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From mirrors to selfies: protecting children’s data for personalised learning and future growth

Kucirkova, N; Ng, I; Holtby, J; (2017) From mirrors to selfies: protecting children’s data for personalised learning and future growth. UCL Institute of Education: London, UK. Green open access

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Abstract

There is an increased interest in personalised products worldwide, particularly in the children’s reading and children’s publishing industry. This growing interest mirrors the rise of technologies that facilitate the personalisation of generic products such as cosmetics, clothes or household items, and broader socio-cultural and economic phenomena like increased urbanisation, globalisation, and multiculturalism in the 21st century. With the rising popularity of personalised reading experiences, the responsibilities of children’s publishers are growing beyond those of traditional publishing houses: they are also data owners, responsible for the privacy and confidentiality of children’s data. Because it is so easy for individual data points to lead to pattern recognition and user profiling, which can result in positive innovation and more refined end-products, the personalised publishing industry faces significant design, moral, financial, educational, and ethical challenges. A solution to the challenges of personal data management in the publishing industry that complies with forthcoming regulations like General Data Protection Regulation is required. HAT technology, a user-owned private data account solution, offers children’s publishers a long-term and sustainable means of addressing the predictable future challenges facing this sector. A child’s private data account (which could be a HAT Private Microserver Data Account) could hold their personal data-at-rest in a containerised, self-owned database. This would give the child, or his/her trustee, the legal right and ability to integrate their personal data within that database with services on the Internet. This solution emulates physical life; by using HAT Private Microserver Data Accounts (PMDAs), children and their guardians would be able to own their personal database in the same way they own physical assets, and share the data within it on terms they control. Children’s personal data, once it has been collected by corporations, becomes ensnared in a web of complex legal and technical challenges if it is ever reused, consolidated, or organised. This paper suggests a straightforward means of effectively leveraging this valuable resource, both economically and technically, to improve the reading experiences of children.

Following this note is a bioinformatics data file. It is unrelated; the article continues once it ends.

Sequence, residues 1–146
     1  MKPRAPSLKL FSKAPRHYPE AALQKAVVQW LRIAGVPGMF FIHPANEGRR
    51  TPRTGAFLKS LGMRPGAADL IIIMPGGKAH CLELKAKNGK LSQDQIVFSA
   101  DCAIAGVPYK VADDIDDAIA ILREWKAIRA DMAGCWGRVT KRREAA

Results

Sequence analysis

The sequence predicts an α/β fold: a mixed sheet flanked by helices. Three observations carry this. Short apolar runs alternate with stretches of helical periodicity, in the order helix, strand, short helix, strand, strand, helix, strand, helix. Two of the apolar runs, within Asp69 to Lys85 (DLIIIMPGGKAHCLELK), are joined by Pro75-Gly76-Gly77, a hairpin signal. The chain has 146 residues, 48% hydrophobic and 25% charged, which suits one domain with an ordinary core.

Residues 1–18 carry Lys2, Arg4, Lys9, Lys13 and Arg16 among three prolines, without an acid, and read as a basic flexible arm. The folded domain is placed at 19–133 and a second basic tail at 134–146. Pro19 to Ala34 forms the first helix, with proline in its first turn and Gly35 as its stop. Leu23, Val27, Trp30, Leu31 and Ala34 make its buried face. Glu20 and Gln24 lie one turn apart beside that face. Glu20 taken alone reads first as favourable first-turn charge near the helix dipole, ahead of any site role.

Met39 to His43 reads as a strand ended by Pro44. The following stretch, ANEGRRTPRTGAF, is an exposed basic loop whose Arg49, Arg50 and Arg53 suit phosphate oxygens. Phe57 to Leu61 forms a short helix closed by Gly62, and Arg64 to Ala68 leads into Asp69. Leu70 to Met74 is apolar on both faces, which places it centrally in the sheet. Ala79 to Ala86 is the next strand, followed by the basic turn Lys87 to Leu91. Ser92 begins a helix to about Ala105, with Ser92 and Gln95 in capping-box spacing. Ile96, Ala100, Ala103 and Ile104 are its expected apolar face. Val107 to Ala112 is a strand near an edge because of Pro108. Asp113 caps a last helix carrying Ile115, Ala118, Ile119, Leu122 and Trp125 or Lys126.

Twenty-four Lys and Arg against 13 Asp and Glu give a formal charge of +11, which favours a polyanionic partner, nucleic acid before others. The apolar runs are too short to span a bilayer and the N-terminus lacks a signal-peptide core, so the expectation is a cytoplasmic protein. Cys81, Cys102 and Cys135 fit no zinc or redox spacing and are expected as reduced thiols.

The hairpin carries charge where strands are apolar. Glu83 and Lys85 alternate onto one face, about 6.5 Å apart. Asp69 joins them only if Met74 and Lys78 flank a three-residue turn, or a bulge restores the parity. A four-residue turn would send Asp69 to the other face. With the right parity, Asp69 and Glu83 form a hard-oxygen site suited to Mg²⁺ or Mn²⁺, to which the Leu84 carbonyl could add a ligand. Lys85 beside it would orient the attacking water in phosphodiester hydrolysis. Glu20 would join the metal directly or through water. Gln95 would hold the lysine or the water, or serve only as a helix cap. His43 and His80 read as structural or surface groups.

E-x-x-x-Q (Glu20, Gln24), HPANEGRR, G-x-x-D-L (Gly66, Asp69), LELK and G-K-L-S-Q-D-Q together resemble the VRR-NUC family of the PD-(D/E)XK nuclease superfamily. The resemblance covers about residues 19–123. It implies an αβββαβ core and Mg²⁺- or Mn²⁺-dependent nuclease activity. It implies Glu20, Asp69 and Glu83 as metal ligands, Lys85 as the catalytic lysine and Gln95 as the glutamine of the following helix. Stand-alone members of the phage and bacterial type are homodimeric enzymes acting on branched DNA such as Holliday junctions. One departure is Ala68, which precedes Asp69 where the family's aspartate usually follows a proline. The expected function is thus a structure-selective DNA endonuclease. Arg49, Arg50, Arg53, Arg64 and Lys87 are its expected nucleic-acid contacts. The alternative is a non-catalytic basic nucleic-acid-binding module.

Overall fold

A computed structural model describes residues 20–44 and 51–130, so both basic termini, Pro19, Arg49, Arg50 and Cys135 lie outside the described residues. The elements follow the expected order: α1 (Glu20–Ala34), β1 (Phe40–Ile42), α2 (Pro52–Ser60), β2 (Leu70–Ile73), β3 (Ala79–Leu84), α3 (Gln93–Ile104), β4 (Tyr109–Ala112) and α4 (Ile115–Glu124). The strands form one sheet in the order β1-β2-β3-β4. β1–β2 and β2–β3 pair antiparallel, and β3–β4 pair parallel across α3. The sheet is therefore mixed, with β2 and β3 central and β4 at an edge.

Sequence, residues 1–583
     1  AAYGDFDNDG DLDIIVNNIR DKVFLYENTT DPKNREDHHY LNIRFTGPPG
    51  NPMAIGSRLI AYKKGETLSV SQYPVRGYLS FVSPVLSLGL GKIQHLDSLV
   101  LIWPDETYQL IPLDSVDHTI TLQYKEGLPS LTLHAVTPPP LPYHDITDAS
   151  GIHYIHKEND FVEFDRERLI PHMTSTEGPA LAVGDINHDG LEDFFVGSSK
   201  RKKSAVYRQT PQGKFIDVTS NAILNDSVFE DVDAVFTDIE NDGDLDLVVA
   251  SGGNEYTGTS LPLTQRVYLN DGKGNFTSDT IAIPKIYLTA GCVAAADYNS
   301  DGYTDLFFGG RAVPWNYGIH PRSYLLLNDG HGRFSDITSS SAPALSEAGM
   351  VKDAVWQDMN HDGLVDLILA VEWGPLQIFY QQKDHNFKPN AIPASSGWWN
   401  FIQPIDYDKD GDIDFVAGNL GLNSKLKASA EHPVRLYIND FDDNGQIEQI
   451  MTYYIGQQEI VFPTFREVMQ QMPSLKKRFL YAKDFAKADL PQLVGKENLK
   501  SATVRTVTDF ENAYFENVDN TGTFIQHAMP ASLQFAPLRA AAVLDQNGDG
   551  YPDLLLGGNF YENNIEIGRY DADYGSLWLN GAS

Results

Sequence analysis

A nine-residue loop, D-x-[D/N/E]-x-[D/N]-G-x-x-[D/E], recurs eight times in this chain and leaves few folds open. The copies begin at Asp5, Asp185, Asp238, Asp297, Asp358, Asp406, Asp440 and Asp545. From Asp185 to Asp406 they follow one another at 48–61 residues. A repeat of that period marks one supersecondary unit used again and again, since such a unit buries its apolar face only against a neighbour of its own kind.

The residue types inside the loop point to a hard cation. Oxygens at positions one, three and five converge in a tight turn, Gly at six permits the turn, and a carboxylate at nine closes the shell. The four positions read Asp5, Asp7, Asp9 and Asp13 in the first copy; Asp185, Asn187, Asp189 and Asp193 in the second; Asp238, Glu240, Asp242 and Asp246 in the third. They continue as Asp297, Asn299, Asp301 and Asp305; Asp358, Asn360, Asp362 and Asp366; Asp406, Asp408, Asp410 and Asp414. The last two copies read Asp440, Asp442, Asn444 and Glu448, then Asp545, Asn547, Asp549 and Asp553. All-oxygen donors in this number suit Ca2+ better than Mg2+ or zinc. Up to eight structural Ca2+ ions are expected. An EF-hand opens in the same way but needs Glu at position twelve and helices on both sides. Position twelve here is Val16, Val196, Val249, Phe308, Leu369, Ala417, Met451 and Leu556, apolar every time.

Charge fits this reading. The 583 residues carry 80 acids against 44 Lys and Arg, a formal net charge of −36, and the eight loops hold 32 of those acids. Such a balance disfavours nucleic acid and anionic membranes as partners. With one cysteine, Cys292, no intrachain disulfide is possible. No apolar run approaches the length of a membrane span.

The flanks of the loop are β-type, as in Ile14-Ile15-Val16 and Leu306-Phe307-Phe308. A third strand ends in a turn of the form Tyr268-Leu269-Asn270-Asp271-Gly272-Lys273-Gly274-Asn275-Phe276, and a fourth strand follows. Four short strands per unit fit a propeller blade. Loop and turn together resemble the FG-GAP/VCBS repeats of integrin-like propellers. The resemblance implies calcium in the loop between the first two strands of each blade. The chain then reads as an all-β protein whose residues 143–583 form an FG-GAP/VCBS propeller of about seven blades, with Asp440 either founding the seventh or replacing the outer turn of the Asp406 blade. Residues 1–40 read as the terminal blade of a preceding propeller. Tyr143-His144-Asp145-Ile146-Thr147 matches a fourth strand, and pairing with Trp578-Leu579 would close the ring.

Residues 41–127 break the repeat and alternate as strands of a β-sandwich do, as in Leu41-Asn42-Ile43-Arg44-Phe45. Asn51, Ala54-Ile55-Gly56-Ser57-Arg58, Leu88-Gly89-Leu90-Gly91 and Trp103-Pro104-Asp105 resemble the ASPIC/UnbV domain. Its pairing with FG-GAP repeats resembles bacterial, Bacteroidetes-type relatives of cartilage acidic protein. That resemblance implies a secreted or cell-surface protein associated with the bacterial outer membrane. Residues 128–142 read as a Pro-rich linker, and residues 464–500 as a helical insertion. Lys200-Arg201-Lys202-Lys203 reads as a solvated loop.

Type: Working / discussion paper
Title: From mirrors to selfies: protecting children’s data for personalised learning and future growth
Open access status: An open access version is available from UCL Discovery
Language: English
Keywords: data security, data privacy, personalized reading, personalized learning, personalization
UCL classification: UCL > School of Education
UCL > School of Education > UCL Institute of Education
UCL > School of Education > UCL Institute of Education > IOE - Learning & Leadership
URI: http://discovery.ucl.ac.uk/id/eprint/1568437
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